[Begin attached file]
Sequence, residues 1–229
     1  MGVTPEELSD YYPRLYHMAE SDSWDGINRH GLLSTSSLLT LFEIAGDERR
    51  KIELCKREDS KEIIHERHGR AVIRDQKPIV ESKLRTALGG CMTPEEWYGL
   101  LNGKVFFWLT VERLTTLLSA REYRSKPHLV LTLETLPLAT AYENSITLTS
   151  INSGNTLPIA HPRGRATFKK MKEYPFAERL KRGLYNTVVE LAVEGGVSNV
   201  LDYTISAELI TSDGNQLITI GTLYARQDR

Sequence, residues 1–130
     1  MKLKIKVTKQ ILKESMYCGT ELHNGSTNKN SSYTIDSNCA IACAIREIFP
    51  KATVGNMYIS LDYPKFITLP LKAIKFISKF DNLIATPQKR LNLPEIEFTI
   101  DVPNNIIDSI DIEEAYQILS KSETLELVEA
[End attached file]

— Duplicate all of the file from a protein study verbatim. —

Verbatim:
Sequence, residues 1–229
     1  MGVTPEELSD YYPRLYHMAE SDSWDGINRH GLLSTSSLLT LFEIAGDERR
    51  KIELCKREDS KEIIHERHGR AVIRDQKPIV ESKLRTALGG CMTPEEWYGL
   101  LNGKVFFWLT VERLTTLLSA REYRSKPHLV LTLETLPLAT AYENSITLTS
   151  INSGNTLPIA HPRGRATFKK MKEYPFAERL KRGLYNTVVE LAVEGGVSNV
   201  LDYTISAELI TSDGNQLITI GTLYARQDR

Sequence, residues 1–130
     1  MKLKIKVTKQ ILKESMYCGT ELHNGSTNKN SSYTIDSNCA IACAIREIFP
    51  KATVGNMYIS LDYPKFITLP LKAIKFISKF DNLIATPQKR LNLPEIEFTI
   101  DVPNNIIDSI DIEEAYQILS KSETLELVEA